If you have ever played organized sports or had a personal training session, then you may have had your coach or trainer talk about lactic acid. In simple terms, lactic acid occurs in muscles during strenuous exercise. When oxygen has been used up in the bloodstream, carbohydrates are broken down to create energy. This causes a pH imbalance that is the reason for the term lactic acid.
Lactic acid is thought of as something that needs to be cleaned up after a workout. But this doesn’t necessarily mean it is a bad thing. In fact, it is a common misconception that the soreness which occurs after a workout has something to do with lactic acid. However, there is a potential muscle condition called “lactic acidosis” which is not desirable. But let’s first take an in-depth look at lactic acid.
A Closer Look at Lactate
Overall, lactate produces a more positive effect on muscles than negative. Lactate occurs as a result of a natural process when muscles undergo strenuous exercise. In these instances, your body needs a useable fuel called ATP (adenosine triphosphate). Breaking down ATP causes your body to make a chemical compound called pyruvate. Pyruvate generally goes into the Krebs cycle to produce more ATP, but this requires more oxygen.
Pyruvate becomes lactate when there isn’t enough oxygen to create more ATP. This isn’t necessarily a bad thing, because lactate can eventually be metabolized for energy. But while you are doing those intense reps at the gym, for instance, your body may not be clearing lactate to the same level as it is produced. This causes the muscle environment to become more acidic, and it may be the cause of a burning sensation during an intense workout.
Preventing Lactic Acidosis
While a fair amount of lactic acid in your muscles is no problem for your body to handle, it is still important to avoid a possible scenario called lactic acidosis. Symptoms of lactic acidosis are a burning feeling in muscles, cramps, nausea, weakness, and exhaustion. Lactic acidosis can occur when lactate floods the muscles and is not released properly. This may happen when the amount of lactate surpasses what is referred to as the “lactate threshold.” Lactic acidosis is most often caused by serious medical conditions, such as seizures, liver failure, and vitamin B deficiency, not an intense workout.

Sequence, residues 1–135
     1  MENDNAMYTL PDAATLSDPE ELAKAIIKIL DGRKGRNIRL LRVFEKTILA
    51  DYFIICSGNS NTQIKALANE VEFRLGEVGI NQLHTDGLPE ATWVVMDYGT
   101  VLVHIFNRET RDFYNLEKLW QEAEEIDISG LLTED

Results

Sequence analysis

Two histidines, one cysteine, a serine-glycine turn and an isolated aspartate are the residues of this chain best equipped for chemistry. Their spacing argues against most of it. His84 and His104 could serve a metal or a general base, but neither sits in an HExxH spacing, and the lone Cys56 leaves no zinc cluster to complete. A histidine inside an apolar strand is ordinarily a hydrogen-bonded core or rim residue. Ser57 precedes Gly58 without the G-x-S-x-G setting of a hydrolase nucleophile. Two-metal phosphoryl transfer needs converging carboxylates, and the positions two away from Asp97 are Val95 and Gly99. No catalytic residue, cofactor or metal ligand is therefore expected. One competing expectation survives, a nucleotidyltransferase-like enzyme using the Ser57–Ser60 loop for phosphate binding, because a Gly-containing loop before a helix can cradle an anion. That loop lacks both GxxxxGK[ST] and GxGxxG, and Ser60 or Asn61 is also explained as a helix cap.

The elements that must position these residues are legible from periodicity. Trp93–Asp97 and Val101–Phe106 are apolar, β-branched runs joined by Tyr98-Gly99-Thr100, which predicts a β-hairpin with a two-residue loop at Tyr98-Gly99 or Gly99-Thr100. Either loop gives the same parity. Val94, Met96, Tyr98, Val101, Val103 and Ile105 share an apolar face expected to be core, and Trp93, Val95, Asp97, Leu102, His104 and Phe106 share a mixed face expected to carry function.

But it’s never a bad idea to be cautious when engaging in high-intensity exercise. There are plenty of ways you can encourage your body to handle lactate properly. First, don’t push yourself beyond your abilities, and make sure to stay hydrated while exercising. A balanced diet is also of utmost importance because it is the fuel you use while exercising. You also need plenty of rest during recovery, too. And while being physically active, it is smart to warm down right away if you feel an onset of intense muscle soreness.
If you do feel significant muscle soreness a couple days after a workout it is likely not related to lactate or lactic acid at all. DOMS, or delayed-onset muscle tenderness, refers to extreme muscle tenderness as well as a loss of strength and range of motion that occurs between one to three days after an extreme exercise event. The specific cause of DOMS is not confirmed, although researchers believe the sensation of soreness is caused by the damaging of cells that are busy repairing themselves.
In conclusion, lactic acid is nothing to fear for a person undergoing a healthy level of exercise. Lactate or lactic acid is not a nasty substance just waiting to mess up your poor muscles’ functioning. Instead, it is a normal part of your body breaking down carbohydrates for energy during anaerobic exercise. While there is little harm in blaming muscle soreness on lactic acid, the truth is that this is a bit of a misnomer. So don’t fret the next time your muscles are sore after a great workout. Just remember: they are simply creating a better version of themselves!